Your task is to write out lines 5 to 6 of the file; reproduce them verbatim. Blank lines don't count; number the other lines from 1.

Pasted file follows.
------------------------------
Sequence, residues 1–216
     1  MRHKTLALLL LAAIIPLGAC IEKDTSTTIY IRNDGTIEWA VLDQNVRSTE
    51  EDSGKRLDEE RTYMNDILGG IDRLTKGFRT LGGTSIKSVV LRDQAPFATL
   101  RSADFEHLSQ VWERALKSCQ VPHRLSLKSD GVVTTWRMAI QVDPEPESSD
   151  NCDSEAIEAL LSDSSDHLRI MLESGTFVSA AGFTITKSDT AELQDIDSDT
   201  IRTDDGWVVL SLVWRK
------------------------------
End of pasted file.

   151  NCDSEAIEAL LSDSSDHLRI MLESGTFVSA AGFTITKSDT AELQDIDSDT
   201  IRTDDGWVVL SLVWRK